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Re: Doug Ford (A Canadian Precursor to Trump) Declared Leader Of The Ontario PC Party

Post by Enigma » 2018-03-12 05:32pm

The Romulan Republic wrote:
2018-03-12 04:55pm
<snip>

Edit: I mean, Ontario isn't even the traditionally conservative part of Canada. And while you can say "well, he hasn't won yet", his brother Rob (before his death) was mayor of Toronto (one of the most multicultural cities in the world), in an administration plagued by racist and sexist comments, physical violence, and a crack scandal, among other things.
Ontario see-saws between Conservative (12 premiers) and Liberal (10 premiers). I'm not surprised at all that Ford might win this upcoming election.
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Re: Doug Ford (A Canadian Precursor to Trump) Declared Leader Of The Ontario PC Party

Post by Tribble » 2018-03-12 08:14pm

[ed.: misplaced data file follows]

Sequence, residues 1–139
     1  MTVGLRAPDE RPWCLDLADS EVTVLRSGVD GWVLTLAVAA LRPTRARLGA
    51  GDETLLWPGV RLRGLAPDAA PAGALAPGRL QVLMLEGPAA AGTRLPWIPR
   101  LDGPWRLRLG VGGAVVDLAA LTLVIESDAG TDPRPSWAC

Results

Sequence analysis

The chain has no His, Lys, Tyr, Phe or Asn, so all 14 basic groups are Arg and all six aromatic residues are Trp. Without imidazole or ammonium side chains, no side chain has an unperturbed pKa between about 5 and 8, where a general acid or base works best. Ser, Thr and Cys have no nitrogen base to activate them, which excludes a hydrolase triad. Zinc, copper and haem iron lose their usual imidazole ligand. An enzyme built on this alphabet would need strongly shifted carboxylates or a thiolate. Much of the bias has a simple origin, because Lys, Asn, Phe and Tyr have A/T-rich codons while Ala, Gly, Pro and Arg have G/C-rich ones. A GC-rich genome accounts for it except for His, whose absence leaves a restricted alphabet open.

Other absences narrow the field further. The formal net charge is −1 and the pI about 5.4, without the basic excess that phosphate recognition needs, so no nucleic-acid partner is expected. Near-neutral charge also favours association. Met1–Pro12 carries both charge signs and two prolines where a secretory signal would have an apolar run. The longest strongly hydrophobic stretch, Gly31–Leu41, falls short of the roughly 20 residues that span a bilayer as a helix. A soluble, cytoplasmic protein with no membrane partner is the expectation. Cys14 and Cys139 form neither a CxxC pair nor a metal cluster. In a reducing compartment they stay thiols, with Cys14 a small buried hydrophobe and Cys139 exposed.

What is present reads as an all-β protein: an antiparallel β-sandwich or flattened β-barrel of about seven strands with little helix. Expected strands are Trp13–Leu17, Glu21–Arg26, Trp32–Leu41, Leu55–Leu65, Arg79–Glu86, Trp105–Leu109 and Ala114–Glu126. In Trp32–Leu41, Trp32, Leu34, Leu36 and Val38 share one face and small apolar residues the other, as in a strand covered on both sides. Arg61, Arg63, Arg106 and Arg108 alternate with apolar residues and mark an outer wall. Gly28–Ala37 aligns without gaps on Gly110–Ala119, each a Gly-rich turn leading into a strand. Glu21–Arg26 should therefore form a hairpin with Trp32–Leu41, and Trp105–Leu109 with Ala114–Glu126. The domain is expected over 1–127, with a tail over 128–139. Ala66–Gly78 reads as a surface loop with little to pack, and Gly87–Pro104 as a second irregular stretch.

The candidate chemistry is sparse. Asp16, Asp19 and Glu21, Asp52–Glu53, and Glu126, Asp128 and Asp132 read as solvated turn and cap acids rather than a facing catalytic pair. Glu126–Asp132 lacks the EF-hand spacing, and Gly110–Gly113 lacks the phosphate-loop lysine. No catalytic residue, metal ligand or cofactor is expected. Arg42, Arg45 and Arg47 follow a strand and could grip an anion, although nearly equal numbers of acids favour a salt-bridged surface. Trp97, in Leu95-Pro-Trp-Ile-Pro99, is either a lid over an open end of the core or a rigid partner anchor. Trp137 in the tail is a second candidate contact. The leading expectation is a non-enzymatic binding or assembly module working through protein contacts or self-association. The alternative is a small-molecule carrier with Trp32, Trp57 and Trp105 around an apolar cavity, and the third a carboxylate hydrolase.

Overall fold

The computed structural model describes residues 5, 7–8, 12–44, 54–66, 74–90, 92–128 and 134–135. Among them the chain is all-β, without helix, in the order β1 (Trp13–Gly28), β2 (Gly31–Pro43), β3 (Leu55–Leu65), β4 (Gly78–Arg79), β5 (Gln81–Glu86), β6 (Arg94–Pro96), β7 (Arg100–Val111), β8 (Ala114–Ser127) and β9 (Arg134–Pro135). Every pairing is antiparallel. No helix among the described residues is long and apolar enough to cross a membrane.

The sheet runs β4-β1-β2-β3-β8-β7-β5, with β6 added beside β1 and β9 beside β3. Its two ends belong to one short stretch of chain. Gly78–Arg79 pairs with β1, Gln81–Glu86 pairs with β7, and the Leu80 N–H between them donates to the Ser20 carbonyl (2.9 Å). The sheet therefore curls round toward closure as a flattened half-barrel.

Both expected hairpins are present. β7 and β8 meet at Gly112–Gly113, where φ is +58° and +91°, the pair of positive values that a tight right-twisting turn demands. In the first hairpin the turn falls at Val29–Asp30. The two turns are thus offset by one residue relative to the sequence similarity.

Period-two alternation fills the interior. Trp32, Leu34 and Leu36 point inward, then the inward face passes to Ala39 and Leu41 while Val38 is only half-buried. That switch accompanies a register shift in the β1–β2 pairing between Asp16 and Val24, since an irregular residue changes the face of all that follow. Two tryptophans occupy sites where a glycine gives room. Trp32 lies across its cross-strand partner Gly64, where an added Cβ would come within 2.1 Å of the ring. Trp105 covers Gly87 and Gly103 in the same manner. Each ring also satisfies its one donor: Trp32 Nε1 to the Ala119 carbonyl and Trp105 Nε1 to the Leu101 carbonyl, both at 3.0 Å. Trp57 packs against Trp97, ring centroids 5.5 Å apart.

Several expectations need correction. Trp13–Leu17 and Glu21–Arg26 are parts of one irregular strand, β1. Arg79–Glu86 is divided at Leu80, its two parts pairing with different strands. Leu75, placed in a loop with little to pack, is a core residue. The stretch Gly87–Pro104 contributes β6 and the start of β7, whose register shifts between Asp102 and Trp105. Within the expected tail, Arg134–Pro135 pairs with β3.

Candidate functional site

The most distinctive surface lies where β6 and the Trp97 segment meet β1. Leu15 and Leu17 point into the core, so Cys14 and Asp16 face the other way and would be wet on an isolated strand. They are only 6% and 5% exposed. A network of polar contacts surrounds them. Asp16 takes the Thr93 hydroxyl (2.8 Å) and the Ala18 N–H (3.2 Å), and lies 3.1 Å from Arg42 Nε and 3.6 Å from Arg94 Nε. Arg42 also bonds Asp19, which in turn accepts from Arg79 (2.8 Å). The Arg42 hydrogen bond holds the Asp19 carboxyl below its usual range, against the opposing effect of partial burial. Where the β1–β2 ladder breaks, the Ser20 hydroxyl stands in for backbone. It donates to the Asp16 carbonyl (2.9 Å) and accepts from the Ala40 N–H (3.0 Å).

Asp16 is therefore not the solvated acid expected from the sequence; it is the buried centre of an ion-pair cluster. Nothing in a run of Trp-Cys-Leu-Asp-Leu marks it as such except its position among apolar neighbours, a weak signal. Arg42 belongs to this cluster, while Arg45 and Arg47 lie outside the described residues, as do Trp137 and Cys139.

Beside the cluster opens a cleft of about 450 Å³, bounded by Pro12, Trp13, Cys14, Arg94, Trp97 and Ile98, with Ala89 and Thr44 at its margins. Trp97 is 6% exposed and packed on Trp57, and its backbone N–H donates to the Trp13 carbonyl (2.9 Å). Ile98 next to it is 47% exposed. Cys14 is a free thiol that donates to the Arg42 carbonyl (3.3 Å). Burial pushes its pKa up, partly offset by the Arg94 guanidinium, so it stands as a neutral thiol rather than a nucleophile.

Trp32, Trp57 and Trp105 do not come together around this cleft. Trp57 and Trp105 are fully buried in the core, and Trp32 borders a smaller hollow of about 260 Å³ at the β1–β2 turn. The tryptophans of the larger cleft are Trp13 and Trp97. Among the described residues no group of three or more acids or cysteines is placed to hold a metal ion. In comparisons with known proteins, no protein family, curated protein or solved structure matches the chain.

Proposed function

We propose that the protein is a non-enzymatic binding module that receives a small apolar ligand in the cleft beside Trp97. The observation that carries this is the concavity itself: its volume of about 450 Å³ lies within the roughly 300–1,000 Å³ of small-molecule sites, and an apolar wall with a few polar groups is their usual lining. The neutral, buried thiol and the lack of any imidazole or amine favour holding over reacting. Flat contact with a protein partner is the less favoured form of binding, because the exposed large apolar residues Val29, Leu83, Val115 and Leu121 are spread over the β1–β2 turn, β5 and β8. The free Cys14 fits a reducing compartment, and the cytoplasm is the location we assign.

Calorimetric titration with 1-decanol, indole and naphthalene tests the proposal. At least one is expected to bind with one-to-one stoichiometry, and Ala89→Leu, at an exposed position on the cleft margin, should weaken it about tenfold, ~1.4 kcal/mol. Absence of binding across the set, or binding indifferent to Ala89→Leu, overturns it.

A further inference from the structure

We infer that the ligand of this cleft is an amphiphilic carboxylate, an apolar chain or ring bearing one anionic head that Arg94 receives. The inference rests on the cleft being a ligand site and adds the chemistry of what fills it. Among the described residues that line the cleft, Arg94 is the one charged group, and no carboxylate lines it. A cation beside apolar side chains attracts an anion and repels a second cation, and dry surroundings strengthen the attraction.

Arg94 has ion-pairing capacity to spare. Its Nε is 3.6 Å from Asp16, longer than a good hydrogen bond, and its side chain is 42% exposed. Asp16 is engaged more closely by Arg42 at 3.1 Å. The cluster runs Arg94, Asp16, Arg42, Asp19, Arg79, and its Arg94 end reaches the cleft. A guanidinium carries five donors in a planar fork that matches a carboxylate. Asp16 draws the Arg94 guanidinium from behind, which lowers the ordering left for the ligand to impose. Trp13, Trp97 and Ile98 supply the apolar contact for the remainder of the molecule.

Enigma wrote:
2018-03-12 05:32pm
Ontario see-saws between Conservative (12 premiers) and Liberal (10 premiers). I'm not surprised at all that Ford might win this upcoming election.
Let's not forget the 1 NDP premier we elected just for fun :P

But yes, Ontario does generally see-saw between Liberals and Conservatives. Usually this is due to a combination of getting tired of the government and its scandals and said government straying too far from the perceived political centre. It is also not uncommon for Ontario to vote one way provincially while voting the other way federally.

This... is different. It's the first time in awhile we have a major party leader running who literally has no plan or agenda other than whipping up the "I hate gays, poor people, liberals etc) crowd into a frenzy. Even Mike Harris had a plan (however flawed it was), as did Doug Ford's immediate predecessor. Ontario's equivalent to the Tea Party is now in charge of Conservatives up here, and it's rather disturbing.